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Abstract

This paper summarizes the efforts related to, and outcomes from, the development and implementation of a 3-day long transportation systems-based summer academy for teachers. It also includes lessons learned and suggestions for the adoption of this program in other settings.

The academy utilized an experiential learning process to alert, engage, attract, and excite teachers in pre-collegiate (K-12) systems to adopting “authentic” transportation systems (engineering and beyond) contexts to facilitate learning. It also provides teachers first-hand experiences about educational and career opportunities in transportation. It facilitates collaborative learning, the development of professional networks, and peer-support groups.

The program includes brief ‘in-class’ overviews of transportation systems, logistics and supply chain management, followed by 2 days of site/field visits to a variety of real-life settings such a state Department of Transportation (DOT) Traffic Management Center, an air-traffic control tower, a commercial airport and airfield, a traffic signal systems laboratory, a crash-reconstruction study site, and a driving simulator.

Based on these experiences, the teachers develop lesson plans and related materials for use in curricular, co-curricular, and extra-curricular activities. This case-based approach provides real-world concepts to formulate lessons and learning experiences for students. The literature documents the importance of such authentic learning approaches to foster deep learning of concepts and methods, especially in STEM disciplines. The participants work collaboratively to develop transportation themed instructional units for use in classrooms. They are provided guidance by curriculum design experts and peer teachers to develop authentic learning experiences that support established curricular skills and standards in STEM disciplines and other subject areas. They collaborate in work sessions to develop frameworks for transportation themed lesson plans for subsequent use.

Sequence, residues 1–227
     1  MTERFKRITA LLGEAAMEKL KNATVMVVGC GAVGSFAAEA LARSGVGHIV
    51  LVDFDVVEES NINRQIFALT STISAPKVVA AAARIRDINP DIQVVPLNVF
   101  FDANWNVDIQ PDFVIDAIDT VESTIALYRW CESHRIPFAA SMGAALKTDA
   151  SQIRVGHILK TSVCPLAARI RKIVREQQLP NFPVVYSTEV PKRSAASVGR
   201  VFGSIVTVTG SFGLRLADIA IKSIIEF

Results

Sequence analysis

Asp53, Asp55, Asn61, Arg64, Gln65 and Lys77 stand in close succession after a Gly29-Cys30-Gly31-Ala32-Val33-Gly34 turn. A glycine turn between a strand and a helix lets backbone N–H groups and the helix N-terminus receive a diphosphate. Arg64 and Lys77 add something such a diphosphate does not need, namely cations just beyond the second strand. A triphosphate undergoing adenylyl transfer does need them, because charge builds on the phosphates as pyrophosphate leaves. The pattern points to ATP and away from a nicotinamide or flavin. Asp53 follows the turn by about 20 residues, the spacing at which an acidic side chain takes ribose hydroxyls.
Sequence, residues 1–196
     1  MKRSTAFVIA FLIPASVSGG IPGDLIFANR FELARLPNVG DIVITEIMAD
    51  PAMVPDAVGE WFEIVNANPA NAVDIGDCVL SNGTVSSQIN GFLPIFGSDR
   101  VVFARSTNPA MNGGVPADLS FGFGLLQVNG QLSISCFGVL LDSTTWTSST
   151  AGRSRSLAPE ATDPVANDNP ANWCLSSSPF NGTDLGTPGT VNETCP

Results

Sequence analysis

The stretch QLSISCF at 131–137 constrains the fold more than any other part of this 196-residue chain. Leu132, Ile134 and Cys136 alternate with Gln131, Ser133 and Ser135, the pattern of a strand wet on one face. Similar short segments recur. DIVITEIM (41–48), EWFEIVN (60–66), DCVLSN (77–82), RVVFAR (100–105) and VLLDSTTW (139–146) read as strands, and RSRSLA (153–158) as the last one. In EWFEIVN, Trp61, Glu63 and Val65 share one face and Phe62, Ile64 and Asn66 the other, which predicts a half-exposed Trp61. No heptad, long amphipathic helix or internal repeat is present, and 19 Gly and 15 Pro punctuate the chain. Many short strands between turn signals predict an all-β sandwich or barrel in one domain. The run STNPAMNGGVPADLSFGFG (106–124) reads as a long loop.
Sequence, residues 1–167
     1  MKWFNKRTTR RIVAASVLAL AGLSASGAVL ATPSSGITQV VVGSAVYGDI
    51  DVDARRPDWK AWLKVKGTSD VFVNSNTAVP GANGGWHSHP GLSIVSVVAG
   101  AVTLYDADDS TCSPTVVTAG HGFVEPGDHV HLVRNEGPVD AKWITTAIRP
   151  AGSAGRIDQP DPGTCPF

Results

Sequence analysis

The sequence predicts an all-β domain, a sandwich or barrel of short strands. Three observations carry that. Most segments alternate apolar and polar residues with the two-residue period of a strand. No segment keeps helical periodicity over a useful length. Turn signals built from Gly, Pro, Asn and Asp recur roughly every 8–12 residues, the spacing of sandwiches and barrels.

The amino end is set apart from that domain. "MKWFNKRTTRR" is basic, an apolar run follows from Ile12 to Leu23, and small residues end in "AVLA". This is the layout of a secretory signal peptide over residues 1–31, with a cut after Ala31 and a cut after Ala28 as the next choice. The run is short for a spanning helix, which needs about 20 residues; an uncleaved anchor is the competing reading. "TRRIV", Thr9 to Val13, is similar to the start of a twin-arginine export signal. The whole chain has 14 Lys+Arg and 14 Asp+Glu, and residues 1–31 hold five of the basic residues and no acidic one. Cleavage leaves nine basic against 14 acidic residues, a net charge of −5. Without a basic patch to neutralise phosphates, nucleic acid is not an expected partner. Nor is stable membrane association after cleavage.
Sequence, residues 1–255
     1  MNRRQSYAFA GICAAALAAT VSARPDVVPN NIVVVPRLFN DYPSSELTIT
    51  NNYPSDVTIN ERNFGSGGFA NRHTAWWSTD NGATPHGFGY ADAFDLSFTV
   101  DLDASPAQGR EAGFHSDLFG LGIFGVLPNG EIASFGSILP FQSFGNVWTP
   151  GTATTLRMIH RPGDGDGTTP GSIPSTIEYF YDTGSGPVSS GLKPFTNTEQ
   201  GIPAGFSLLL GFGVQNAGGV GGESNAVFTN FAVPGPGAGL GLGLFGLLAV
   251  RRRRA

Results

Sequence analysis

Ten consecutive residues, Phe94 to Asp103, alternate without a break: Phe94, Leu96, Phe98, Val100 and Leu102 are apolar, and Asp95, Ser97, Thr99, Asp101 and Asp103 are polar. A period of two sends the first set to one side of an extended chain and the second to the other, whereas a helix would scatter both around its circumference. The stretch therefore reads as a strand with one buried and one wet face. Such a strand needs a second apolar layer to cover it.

Twenty teachers were selected to attend the academy workshop that was held in mid-July 2014. Participants received a certificate for professional development activities. These participants were provided a nominal stipend. Of these participants, nine were selected to join a cohort for the purpose of developing high-quality transportation themed lesson plans for online publication to enable broad distribution globally. This cohort is presently working collaboratively with a transportation engineering professor, a curriculum development professor, and peer mentors to fully develop lessons, field test them in their classrooms, and to modify them for online publication. This subgroup will be provided an additional stipend for completing these activities. These activities are to be completed by December 2014.

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2015-08-29
2019-11-13
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